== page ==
A tributary of Soapstone Creek, Sorrels Branch sports a pair of scenic waterfalls near Georgia Highway 180 and the former location of CCC Camp Soapstone. Access to both waterfalls is not difficult thanks to an unofficial trail along an old logging road that passes by them. The 50-foot sheer lower falls is more scenic than the small 25-foot upper slide, but the historical aspect of the Sorrels Branch waterfalls may be the most fascinating part of this hike. Perched precariously in the middle of the creek at the brink of the lower falls and near the base of the upper falls is a mysterious stone structure. The forest service, history books, and even the internet provide little clue to the origin of these ancient ruins, but you'll have fun coming up with your own guesses when you visit. This hike occurred on Saturday, July 1st, 2017. My plan was to hike out and back to Lower and Upper Sorrels Branch Falls from Highway 180.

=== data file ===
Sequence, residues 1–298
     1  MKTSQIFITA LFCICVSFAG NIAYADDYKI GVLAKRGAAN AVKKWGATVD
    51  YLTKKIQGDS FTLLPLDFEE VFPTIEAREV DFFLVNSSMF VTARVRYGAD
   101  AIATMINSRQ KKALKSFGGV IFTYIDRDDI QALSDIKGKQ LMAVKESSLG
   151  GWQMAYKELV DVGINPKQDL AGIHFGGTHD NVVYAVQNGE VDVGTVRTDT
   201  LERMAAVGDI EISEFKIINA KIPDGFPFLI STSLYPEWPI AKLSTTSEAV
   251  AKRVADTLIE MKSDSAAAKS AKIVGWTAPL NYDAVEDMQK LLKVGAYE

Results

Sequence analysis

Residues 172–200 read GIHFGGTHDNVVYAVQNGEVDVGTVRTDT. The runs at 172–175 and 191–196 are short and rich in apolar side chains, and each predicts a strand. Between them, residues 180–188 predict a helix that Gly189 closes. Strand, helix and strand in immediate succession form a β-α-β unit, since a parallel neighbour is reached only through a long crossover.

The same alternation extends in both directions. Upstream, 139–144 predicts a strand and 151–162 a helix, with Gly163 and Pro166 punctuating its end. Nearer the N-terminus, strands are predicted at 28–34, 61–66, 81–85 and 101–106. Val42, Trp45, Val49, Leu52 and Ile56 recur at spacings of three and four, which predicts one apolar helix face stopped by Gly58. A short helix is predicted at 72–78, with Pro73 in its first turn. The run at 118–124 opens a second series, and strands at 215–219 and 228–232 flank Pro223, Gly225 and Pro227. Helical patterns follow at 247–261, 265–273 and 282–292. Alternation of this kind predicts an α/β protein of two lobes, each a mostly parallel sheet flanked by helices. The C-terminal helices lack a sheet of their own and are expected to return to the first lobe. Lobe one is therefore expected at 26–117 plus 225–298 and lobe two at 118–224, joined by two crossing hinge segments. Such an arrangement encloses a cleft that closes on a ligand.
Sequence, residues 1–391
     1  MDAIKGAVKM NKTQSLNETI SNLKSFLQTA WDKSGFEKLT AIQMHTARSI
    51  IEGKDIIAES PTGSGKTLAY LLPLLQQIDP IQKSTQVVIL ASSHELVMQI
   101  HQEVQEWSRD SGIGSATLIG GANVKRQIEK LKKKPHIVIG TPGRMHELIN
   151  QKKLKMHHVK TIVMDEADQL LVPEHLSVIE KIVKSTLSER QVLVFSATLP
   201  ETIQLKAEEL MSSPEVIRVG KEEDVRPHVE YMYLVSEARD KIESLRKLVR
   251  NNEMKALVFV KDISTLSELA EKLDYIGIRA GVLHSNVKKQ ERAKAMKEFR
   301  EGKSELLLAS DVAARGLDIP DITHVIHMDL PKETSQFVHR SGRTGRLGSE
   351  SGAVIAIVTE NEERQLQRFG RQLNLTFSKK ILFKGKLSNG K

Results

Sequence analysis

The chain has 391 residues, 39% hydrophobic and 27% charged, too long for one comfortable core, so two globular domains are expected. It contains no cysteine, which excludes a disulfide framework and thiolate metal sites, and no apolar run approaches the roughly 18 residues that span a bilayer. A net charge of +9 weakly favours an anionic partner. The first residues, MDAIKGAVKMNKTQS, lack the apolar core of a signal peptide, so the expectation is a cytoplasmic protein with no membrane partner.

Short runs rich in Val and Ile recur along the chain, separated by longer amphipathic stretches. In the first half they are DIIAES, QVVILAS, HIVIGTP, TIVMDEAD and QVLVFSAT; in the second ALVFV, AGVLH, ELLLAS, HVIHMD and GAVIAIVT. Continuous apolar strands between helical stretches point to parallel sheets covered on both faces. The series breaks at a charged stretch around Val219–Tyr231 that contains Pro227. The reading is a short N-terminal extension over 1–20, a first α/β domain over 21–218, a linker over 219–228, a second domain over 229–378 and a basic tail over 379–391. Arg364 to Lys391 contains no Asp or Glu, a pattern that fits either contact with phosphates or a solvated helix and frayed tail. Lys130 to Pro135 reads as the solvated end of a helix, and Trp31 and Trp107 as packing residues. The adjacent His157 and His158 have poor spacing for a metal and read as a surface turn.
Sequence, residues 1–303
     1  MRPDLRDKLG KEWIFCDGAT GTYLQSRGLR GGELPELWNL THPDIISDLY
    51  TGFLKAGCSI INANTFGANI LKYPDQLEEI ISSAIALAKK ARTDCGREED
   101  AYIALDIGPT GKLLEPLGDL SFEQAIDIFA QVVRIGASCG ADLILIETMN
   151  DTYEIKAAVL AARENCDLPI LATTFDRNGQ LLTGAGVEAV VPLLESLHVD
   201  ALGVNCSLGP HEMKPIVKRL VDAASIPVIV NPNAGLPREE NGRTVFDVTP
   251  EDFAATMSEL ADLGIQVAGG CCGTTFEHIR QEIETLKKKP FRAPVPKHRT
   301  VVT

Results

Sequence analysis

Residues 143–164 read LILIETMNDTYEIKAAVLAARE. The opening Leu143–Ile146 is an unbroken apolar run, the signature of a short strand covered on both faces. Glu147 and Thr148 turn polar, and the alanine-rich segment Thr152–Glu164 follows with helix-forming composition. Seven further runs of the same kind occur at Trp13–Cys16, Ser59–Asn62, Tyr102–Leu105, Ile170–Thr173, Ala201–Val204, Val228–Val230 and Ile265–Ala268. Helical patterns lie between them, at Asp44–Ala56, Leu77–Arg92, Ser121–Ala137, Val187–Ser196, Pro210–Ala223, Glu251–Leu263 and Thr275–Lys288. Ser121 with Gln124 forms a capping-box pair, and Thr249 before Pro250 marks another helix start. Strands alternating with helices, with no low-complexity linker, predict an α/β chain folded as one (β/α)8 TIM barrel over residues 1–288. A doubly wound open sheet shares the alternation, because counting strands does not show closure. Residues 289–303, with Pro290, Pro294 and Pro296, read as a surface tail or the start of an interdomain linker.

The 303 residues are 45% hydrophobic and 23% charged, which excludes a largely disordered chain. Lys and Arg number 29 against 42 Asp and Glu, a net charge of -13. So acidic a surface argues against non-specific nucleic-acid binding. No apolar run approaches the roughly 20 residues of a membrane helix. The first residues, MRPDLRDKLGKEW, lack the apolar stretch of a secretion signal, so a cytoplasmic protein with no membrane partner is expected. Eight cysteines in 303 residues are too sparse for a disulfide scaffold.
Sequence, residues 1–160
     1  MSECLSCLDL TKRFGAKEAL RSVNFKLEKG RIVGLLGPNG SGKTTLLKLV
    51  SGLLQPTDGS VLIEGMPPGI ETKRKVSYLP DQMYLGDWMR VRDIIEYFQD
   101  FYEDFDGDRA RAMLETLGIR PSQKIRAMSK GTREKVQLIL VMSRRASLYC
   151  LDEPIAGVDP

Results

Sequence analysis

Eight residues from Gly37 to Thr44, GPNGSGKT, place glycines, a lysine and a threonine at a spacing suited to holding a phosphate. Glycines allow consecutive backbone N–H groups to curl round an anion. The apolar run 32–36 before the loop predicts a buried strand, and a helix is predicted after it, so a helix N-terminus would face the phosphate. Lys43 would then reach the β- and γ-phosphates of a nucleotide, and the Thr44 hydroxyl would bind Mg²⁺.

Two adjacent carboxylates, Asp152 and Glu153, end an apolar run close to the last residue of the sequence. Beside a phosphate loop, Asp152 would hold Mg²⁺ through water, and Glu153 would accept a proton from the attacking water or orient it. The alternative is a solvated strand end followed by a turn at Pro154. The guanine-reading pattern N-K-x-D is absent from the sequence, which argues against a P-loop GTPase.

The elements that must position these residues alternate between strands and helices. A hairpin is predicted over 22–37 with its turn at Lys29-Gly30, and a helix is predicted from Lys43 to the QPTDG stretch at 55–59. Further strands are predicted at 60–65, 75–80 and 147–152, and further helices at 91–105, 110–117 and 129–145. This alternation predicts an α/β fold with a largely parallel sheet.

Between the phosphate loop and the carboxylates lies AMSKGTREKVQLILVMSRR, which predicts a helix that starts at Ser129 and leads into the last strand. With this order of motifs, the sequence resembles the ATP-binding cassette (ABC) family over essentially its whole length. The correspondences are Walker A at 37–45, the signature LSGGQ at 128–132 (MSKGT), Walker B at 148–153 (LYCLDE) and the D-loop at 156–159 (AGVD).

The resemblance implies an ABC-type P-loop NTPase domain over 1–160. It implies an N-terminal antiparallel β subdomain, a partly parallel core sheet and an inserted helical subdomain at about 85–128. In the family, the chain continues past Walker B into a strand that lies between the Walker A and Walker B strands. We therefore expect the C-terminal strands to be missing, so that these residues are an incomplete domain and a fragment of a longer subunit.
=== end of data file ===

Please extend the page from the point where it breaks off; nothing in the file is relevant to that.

High Shoals Creek is home to two of Georgia's most popular waterfalls: High Shoals Falls and Blue Hole Falls. Very few people who hike to those waterfalls know that the same watershed is home to a remote waterfall no less impressive. Rogers Branch Falls is a tiered 80-foot waterfall on a tributary of High Shoals Creek, with additional small waterfalls above and below the main drop. Even though local residents are aware of the waterfall as evidenced by the well-used path to it, it is not publicized well at all and clearly off the radar for most hikers and waterfall hunters. The routes to the base of Rogers Branch Falls are not quite for everyone due to their steepness, but those who reach the viewing area at the base will be rewarded by a breathtaking sight. This hike occurred on Saturday, July 1st, 2017. My plan was to hike out and back to the base of Rogers Branch Falls from a popular camping area off Indian Grave Gap Road.